Harvard Law professor Alan Dershowitz said Friday he'll leave the Democratic Party if Rep. Keith Ellison (D-Minn.) is appointed the next chair of the Democratic National Committee (DNC).

“I’m going to tell you right here on this show, and this is news – if they appoint Keith Ellison to be chairman of the Democratic Party, I will resign my membership to the Democratic Party after 50 years of being a loyal Democrat,” Dershowitz told the Fox Business Network.

Dershowitz criticized Secretary of State John KerryJohn Forbes KerryKentucky candidate takes heat for tweeting he'd like to use congressman for target practice Breitbart editor: Biden's son inked deal with Chinese government days after vice president’s trip State lawmakers pushing for carbon taxes aimed at the poor MORE for his tough position on Israel and predicted that the appointment of Ellison will make others leave the Democratic Party.


"If they now appoint Keith Ellison, who worked with [Nation of Islam leader Louis] Farrakhan, to be chairman of the DNC, you’re going to see a lot of people leave,” he said.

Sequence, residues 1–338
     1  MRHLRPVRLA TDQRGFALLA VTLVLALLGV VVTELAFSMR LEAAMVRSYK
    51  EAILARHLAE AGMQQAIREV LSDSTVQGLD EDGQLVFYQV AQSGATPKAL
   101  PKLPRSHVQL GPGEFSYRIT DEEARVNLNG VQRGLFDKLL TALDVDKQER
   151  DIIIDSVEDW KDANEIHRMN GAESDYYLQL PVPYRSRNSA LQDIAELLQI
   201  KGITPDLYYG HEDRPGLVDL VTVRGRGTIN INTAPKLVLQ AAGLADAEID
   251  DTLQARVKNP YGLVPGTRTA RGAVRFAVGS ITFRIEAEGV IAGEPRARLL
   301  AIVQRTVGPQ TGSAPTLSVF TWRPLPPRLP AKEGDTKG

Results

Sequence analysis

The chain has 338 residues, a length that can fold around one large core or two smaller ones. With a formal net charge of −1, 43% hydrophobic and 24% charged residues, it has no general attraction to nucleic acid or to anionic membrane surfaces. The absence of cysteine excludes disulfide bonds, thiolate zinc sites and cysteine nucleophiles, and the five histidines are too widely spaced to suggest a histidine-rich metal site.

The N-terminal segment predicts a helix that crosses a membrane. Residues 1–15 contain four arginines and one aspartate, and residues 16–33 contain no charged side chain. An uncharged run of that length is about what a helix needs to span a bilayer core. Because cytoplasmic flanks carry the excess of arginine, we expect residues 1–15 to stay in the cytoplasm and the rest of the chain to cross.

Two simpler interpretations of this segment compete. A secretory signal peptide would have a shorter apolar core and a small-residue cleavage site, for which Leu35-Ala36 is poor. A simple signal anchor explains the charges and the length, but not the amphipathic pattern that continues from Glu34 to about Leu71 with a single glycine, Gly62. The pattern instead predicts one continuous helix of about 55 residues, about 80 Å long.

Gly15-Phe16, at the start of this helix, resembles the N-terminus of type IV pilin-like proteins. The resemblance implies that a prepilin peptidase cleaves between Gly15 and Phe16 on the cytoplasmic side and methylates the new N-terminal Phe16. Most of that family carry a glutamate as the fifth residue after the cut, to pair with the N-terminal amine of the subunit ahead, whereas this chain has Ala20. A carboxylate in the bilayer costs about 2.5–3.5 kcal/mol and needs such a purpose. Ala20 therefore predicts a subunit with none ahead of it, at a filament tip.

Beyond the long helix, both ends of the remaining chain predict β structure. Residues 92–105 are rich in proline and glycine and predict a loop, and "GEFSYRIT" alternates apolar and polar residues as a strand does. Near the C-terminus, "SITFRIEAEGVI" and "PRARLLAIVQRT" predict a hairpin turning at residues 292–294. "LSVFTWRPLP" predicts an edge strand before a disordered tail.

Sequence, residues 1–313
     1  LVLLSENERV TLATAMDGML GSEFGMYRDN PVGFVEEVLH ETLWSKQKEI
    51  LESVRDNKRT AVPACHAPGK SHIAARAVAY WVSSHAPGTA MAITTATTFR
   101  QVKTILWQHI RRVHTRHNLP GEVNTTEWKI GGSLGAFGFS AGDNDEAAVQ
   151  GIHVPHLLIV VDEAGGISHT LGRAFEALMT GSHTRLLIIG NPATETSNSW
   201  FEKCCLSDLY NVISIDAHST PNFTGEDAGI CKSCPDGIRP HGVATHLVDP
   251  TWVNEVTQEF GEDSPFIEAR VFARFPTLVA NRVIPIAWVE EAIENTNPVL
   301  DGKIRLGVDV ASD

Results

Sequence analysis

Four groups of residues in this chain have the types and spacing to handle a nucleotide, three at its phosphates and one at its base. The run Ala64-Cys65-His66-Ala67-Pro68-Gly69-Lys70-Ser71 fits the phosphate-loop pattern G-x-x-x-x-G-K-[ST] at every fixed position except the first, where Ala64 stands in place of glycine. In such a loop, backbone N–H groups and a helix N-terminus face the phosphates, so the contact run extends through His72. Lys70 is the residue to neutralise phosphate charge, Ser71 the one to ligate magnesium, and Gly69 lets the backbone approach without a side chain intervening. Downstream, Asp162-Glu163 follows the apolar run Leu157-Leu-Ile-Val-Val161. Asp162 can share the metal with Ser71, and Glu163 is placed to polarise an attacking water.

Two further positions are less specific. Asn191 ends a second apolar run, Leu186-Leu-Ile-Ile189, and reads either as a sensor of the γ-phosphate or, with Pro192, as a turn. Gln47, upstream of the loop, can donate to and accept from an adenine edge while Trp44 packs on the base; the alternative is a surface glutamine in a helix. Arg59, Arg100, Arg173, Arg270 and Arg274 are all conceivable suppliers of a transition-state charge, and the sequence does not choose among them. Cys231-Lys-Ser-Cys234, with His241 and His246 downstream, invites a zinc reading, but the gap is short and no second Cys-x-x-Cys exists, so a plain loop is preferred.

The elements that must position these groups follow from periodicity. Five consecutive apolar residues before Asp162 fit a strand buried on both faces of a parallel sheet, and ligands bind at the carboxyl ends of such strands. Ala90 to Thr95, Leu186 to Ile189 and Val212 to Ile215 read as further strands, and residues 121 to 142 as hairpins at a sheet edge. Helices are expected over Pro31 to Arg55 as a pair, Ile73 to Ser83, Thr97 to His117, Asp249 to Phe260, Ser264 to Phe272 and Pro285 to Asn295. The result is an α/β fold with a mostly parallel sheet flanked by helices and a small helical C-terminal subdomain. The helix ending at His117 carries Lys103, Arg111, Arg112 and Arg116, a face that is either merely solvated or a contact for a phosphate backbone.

Ellison has been vocal about his support for Israel after CNN reported recently on comments he made several years ago defending the Nation of Islam leader.

Dershowitz also knocked the Obama administration after the passage of a U.N. Security Council resolution last week condemning Israeli settlements. The resolution passed 14-0 as the U.S. abstained.

"I will not be a member of a party that represents itself through a chairman like Keith Ellison and through policies like that espoused by John Kerry and Barack ObamaBarack Hussein ObamaRivals and consumers will rein in Facebook, not regulation Obamas send handwritten note to Parkland students: 'We will be there for you' Water has experienced a decade of bipartisan success MORE," Dershowitz said.

Kerry said this week that Israel's settlement policy poses a threat to regional peace talks with the Palestinians.

"If the choice is one state, Israel can either be Jewish or democratic,” Kerry said during a speech earlier this week. “It cannot be both, and it won't ever really be at peace."

Israeli Prime Minister Benjamin Netanyahu criticized Kerry’s speech on Wednesday, calling it a “great disappointment” that undermined the Jewish state.